This is an interesting week for sustainable packaging professionals: It”s the week that Wal-Mart and Sam”s Club invite their preferred “green” packaging manufacturers to Northwest Arkansas to show Wal-Mart/Sam”s Club buyers and suppliers all of the newest options for making their packaging more environmentally responsible. It”s a unique format for a trade show, in that Wal-Mart invites not just the exhibitors, but also all the attendees, and I have literally overhead Wal-Mart buyers tell the attendees (comprised of their supplier companies): “You need to be working with the manufacturers in this room.” As one of the manufacturers in the room, that”s a reassuring statement to overhear.
The 2009 Wal-Mart Sustainable Packaging Expo consists of two 8-hour days of seminars and trade show activities, followed by a half-day of Sustainable Value Network meetings to review and discuss the Wal-Mart Packaging Scorecard. There are approximately 165 booths at the Expo this year, and local news stations say 1,500 Wal-Mart / Sam”s Club representatives will walk the show over the 2-day Expo.
While the Wal-Mart Scorecard has received a lot of media attention since it was introduced three years ago, the Sustainable Expo is still a mystery to many mainstream packaging companies. In fact, you might say this is the packaging industry”s best-kept secret, partly because it”s “By Invitation Only,” and also because many of the details (such as: have I been accepted into the Expo?, and if so, what is my booth number?) are not revealed until the week or two before we convene on Bentonville.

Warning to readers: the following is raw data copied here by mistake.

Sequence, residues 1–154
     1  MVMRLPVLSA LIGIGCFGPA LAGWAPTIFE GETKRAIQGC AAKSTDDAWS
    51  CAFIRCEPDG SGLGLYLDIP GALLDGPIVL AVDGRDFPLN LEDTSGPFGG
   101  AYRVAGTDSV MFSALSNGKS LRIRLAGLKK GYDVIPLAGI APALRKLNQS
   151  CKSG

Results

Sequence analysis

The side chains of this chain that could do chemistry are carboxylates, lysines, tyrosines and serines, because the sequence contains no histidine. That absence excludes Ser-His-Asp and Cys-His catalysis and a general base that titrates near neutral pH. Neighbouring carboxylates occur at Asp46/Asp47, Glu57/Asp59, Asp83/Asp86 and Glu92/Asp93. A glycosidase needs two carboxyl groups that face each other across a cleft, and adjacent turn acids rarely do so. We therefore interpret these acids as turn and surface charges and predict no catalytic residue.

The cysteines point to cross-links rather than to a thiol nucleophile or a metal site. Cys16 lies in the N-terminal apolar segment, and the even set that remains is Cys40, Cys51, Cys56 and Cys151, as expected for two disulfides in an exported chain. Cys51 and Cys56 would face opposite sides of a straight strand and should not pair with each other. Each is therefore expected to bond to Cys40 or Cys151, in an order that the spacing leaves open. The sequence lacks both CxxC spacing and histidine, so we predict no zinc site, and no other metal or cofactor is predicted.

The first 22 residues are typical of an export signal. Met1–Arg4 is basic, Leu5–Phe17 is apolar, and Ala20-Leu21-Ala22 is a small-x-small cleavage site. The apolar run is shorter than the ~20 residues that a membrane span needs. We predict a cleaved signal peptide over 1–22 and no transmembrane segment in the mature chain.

Traffic at the show is definitely down this year, however the “Sustainability IQ” of the buyers walking the show seems to be more sophisticated than in years past. At previous shows, buyers asked a slots games lot of questions about pie-in-the-sky sustainable solutions they had heard of or researched (such as plant-based bioresins or “biodegradable” additives), but this year, buyers seem more focused on more efficient shipping solutions, source reduction and recycled-content packaging. This shows a positive shift in their expectations, and makes it more likely that the manufacturers in the Expo can deliver the cost-neutral packaging solutions that Wal-Mart and Sam”s require.
It”s interesting to see what elements of the packaging cycle are included in Wal-Mart”s Sustainable Network; it”s equally interesting to see the companies and product segments that are conspicuously absent from the Expo this year (most notably the “oxo-degradable” additive companies that claim their additives make HDPE and PET biodegradable in landfill conditions).
When I get home later this week, I”ll definitely be doing my homework to see what might have happened to the companies that were at the Expo last year, but no-shows this year. Did their green solutions fall prey to the current economy, or did their technologies not pass the new “greenwashing” standards that Wal-Mart is fully enforcing this year?
What I do know for sure: When you see the sophistication of Wal-Mart”s sustainable initiatives, I”m glad our company is one of the manufacturers invited to be in that room.